The Commission uses available funding programmes to support activities to combat HIV. These programs are not all funding activities, which are addressing directly HIV, but are addressing the social aspects of the epidemic. Frequently, these are the same issues that need to be address in a much broader context, such as discrimination in the workplace.

The Commission has also provided support by assisting Member States with challenges in addressing specific aspects of HIV. The most recent example of this is the German Presidency initiative on affordable treatment. The Commission has been involved in the initiative since its launch at the German Presidency Conference on HIV/AIDS in Bremen in March 2007. The Commission has been an observer in number of negotiation meetings with pharmaceutical companies and provided appropriate support at the political and technical level.

Are Europeans well informed about HIV/AIDS?

The 2006 Eurobarometer on HIV/AIDS prevention showed that, as compared to 2002:

* Perception: People are less well informed, e.g. 24% of people are wrongly convinced you can be infected by kissing on the mouth, and 30% are unsure on this, meaning almost half of all EU-citizens do not fully understand how AIDS can be passed on. This trend is even more prevalent in the new Member States as well as among younger citizens.

* Behaviour: only about half of the population is adapting its sexual behaviour as regards taking precautions

* 88% of respondents acknowledge the need for EU-wide information initiatives.

This indicates there is a vital need for more and better information and communication in this area, specifically targeting the young and focusing on safer sex.

Why is the European Commission concerned about the resurgence of the AIDS epidemic?

The Commission is concerned about the diminished focus on prevention, which remains the cornerstone for all other activities within the comprehensive approach to tackle HIV/AIDS. Without vigorous promotion of primary prevention measures, like education, the use of condoms and implementation of harm-reduction measures (such as exchange of needles and syringes), any other target (such as the elimination of mother-to-child transmission or universal access to treatment) cannot be achieved.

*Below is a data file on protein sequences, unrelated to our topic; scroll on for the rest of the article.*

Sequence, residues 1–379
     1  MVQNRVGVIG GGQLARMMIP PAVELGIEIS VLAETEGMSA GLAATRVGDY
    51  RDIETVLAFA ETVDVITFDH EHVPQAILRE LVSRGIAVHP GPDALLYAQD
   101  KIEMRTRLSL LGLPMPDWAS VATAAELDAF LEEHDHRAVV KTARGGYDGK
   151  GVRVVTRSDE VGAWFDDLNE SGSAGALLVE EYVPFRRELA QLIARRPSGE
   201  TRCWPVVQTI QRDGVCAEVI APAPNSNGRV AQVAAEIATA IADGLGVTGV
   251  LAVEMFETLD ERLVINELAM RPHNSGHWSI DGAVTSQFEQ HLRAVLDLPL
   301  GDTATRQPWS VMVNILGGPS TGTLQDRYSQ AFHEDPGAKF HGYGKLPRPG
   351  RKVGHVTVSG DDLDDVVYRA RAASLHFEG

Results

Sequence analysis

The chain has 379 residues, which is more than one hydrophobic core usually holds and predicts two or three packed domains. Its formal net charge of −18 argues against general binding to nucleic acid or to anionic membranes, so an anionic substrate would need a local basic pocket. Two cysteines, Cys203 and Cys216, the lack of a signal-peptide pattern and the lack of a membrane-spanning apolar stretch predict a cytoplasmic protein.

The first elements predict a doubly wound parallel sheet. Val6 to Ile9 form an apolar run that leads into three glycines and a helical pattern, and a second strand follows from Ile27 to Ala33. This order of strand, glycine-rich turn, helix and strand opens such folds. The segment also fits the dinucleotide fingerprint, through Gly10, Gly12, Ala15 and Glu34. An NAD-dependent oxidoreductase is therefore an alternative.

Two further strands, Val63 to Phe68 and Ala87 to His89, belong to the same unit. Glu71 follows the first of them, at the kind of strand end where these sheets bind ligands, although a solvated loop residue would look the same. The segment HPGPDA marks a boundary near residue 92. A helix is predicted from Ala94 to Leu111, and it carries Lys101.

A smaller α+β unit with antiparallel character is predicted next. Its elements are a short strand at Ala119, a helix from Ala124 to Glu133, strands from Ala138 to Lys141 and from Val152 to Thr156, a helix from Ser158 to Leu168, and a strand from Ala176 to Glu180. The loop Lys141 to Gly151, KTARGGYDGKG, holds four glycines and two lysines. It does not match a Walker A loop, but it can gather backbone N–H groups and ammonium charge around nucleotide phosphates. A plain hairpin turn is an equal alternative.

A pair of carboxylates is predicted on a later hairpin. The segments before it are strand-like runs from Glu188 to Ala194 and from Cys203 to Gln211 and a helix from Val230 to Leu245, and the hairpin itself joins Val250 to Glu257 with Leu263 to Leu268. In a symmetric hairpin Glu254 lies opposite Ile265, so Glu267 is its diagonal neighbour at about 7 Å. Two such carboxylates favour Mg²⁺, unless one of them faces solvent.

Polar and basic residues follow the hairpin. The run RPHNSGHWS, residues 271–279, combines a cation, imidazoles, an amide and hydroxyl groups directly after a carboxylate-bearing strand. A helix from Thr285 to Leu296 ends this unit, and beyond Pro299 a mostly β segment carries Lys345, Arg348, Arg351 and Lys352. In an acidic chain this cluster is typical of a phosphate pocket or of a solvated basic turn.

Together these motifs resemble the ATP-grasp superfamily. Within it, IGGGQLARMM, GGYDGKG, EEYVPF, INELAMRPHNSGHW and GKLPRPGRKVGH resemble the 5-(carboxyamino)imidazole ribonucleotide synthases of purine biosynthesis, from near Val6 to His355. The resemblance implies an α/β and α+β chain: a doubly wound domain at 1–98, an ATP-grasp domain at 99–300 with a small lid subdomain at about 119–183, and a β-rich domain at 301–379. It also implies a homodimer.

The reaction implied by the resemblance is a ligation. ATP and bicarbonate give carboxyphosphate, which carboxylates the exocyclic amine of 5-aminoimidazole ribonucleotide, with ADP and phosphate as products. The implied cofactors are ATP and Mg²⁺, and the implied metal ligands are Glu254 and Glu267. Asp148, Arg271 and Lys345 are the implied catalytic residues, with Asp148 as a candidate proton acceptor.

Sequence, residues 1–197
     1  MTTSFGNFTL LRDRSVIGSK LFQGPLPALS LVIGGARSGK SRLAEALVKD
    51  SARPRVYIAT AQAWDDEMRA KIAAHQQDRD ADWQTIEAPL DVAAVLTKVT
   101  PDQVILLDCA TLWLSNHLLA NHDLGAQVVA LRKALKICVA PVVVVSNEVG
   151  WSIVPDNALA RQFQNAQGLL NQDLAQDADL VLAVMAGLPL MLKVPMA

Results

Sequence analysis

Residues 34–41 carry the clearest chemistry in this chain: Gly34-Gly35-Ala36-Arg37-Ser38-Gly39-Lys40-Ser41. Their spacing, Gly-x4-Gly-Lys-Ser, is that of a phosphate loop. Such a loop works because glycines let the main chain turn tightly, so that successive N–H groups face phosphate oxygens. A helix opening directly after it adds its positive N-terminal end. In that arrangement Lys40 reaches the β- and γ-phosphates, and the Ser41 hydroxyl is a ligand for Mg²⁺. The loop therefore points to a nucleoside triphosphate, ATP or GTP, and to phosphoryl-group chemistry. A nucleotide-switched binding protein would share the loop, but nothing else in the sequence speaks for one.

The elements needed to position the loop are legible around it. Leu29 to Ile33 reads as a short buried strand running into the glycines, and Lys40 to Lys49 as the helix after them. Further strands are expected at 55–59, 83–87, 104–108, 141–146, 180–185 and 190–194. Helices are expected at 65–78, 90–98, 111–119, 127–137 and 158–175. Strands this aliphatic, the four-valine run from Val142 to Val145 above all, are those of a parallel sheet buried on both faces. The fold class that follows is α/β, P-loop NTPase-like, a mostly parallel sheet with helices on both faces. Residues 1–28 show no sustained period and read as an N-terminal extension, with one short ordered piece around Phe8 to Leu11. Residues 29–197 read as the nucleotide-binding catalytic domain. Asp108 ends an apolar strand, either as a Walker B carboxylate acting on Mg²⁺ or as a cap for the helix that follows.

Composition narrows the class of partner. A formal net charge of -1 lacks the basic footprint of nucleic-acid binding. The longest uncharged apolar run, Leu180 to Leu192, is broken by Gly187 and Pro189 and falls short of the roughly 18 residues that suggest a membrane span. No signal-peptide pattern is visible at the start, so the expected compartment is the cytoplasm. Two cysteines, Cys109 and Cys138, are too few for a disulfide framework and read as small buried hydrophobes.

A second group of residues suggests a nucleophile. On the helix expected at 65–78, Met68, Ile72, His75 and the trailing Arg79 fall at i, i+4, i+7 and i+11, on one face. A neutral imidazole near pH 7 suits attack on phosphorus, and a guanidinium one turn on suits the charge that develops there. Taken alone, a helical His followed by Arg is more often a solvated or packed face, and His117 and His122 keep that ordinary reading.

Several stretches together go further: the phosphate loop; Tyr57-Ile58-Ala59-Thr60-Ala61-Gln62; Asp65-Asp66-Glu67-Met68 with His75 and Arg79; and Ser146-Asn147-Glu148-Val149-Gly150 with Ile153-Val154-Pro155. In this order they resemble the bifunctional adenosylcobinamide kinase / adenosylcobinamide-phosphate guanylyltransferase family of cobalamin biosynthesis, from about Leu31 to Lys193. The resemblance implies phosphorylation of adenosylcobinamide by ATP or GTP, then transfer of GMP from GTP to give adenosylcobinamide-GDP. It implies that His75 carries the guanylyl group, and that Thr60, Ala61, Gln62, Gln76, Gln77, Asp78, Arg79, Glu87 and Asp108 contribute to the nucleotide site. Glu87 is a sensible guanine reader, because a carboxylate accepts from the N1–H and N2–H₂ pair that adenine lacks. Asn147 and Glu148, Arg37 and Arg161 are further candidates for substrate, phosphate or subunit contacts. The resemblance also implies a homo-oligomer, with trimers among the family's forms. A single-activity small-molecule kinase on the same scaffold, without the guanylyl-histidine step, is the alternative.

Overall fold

Why is safer sex a key component in containing the spread of HIV/AIDS?

Although condoms are not the last resort against HIV/AIDS, they certainly represent the best and most reliable prevention tool. According to UNAIDS, as the vast majority of HIV infections are sexually transmitted, there are only four ways to prevent sexual transmission of HIV: (1) abstinence, (2) monogamous relations with an uninfected partner, (3) non-penetrative sex, and (4) consistent and correct use of male or female condoms. Studies show that there are many people who are either unable or unwilling to practice abstinence, monogamy and non-penetrative sex. This leaves condoms for protecting these people and their partners.

How is work on HIV/AIDS at EU level financed?

Some tasks are for the Commission, other tasks are for Member States or International Organisations and some tasks for Civil Society and others. Funding, therefore, depends on each partner. The Commission is using the tools at its disposal both for supporting actions within the EU and in neighbouring countries. By and large, funding is based on projects and it is under regular review and adjustments.

How does the overall work on Sexual and Reproductive Health and Rights tie into the work on HIV/AIDS?

The work on Sexual Health is linked to work done on HIV, as unprotected sex is one of the ways HIV is transmitted. But sexual health is a much broader topic than HIV and the Commission activities in this area in Europe are mainly focused on young people. The Public Health Action Programme has funded several projects in the past few years, and sexual and reproductive health continues to be a high priority area for the work of the Commission on Public Health.